To Tempt a Rogue
A Retro Review
originally published June 20, 1999
To Tempt a Rogue concludes the trilogy telling the story of the Delaney brothers. Your tolerance for this book will depend on whether you can put up with roguish and distrustful heroes, silly dialogue tags, big misunderstandings, and plots that rely on coincidences. If you used an old-fashioned scale to weigh what works in this book against what doesn’t work, don’t get too close or you’ll get hit in the eye – the “what works” side isn’t very weighty.
Ryan Delaney is asked to find Bert Lowry’s long-lost daughter, Kitty O’Shay. By accident, Ryan ends up becoming a member of an outlaw gang. One of the members of the gang is a gangly lad. Being a typical rogue, Ryan quickly figures out that this “lad” is really a woman, but it takes him a little longer to realize that she is the woman he is looking for.
After a mishap or two and a misunderstanding or three, Ryan brings Kitty to Bert’s ranch. The outspoken Kitty feels out of place – especially when she crosses swords with Teresa, Bert’s nasty stepdaughter. Kitty falls in love with Ryan, but he’s not the marrying type. What will it take to make him change his mind?
If you’ve read other Western romances about heroines who disguise themselves as boys and ride with outlaws, you know something about what Kitty is like. She is more intelligent than most heroines of this type, and she isn’t afraid to defend herself, especially vocally. Still, Kitty does make some stupid decisions, and she has her moments of jealousy.
Ryan has more than a few moments of jealousy – this from a rogue who sleeps with a prostitute in the first chapter. Distrustful of women, he leaps to the usual misconceptions about Kitty, some of them downright silly. Their first love scene includes the incredibly romantic line, “You’re a damn virgin.” On top of all that, it takes him far too long to admit he’s in love.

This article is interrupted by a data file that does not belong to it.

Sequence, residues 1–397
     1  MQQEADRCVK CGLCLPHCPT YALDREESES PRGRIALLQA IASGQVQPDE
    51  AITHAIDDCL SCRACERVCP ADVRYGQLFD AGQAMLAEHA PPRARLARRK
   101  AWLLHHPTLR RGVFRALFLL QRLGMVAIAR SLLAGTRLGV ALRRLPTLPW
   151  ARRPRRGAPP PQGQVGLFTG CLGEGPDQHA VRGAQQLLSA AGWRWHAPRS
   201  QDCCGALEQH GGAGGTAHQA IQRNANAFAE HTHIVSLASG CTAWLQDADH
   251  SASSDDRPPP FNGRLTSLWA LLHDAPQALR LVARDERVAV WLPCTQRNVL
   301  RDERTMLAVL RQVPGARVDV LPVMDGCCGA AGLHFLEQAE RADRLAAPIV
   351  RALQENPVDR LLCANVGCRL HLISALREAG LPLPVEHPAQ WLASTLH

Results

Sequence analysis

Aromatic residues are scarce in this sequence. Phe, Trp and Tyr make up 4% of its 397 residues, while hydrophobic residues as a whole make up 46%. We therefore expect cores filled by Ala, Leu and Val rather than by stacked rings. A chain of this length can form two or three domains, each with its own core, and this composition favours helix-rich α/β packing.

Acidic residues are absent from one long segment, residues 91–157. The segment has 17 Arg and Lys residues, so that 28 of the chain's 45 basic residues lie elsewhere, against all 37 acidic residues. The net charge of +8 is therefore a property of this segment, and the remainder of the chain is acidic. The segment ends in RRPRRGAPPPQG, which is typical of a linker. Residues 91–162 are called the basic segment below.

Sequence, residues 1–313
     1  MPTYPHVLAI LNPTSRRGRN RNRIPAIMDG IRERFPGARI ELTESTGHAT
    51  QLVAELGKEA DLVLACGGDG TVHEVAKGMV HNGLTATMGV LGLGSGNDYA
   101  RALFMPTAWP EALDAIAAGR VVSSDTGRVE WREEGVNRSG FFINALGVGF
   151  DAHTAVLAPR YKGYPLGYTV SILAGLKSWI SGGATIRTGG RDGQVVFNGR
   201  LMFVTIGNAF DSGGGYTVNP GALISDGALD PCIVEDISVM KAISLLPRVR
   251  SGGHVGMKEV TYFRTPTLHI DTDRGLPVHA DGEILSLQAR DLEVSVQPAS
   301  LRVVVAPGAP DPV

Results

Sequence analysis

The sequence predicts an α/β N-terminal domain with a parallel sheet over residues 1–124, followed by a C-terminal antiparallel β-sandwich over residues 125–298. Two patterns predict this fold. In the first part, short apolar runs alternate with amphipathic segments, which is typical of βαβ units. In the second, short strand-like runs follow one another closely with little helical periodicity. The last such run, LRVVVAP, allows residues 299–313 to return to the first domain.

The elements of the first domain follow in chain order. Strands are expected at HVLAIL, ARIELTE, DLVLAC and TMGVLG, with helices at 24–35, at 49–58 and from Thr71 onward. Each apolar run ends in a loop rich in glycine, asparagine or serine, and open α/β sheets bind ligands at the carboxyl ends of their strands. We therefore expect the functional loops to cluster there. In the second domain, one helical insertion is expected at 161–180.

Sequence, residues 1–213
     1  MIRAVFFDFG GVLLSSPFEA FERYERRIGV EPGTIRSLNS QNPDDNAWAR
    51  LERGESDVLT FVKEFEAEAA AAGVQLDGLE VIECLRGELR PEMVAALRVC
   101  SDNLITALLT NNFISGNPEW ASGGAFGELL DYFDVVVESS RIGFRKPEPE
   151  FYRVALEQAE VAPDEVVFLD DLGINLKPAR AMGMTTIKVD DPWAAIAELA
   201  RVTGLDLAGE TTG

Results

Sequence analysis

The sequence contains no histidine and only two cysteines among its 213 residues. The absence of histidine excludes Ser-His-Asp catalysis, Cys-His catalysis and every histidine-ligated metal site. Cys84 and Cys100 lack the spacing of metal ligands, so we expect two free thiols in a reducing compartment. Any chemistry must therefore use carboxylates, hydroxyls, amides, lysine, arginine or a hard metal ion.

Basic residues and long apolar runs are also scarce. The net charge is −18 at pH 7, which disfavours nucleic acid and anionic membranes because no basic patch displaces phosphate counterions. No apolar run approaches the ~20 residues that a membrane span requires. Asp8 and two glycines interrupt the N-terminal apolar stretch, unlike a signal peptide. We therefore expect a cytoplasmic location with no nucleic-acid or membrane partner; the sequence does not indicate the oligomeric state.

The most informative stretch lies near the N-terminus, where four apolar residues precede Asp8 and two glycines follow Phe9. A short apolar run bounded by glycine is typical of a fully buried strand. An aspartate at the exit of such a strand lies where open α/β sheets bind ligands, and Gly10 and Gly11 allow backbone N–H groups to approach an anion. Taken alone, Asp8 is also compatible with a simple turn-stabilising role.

The secondary characters are forgettable, if not outright stereotypes. Bert’s stepdaughter spends most of the book trying to get Ryan for herself, badmouthing Kitty, and trying to get Bert’s money for herself. She calls Kitty a “whore” and then accuses Kitty of being foul-mouthed. (Huh?) Yet Bert remains oblivious to her true character for most of the book, and Kitty is too forgiving.
The plot relies on coincidences – tremendous ones. For example, Ryan just happens to bump into Kitty’s gang not once but twice. Just as the plot seems contrived, the dialogue often sounds artificial – real people don’t talk to each other this way. The dialogue tags are so overdone they distract the reader. On one page, dialogue was snarled, sniffed, and even smirked. How do you smirk a line of dialogue? And let’s not forget the classic line, “Damn you,” she hissed. How do you hiss a sentence without sibilants?
Also, one love scene mentions the pebble of flesh at her entrance. While the pebble reference is certainly an interesting change from the usual nubbin, the author appears to have forgotten basic anatomy. If Ryan is expecting to find the aforementioned pebble at her “entrance,” he’s looking in vain.
Though this book takes place in the West, the setting never becomes a part of the story. The American West was a vibrant and important part of our history, and it deserves better. If you have a hankering for a really good Western romance, this is not the place to start.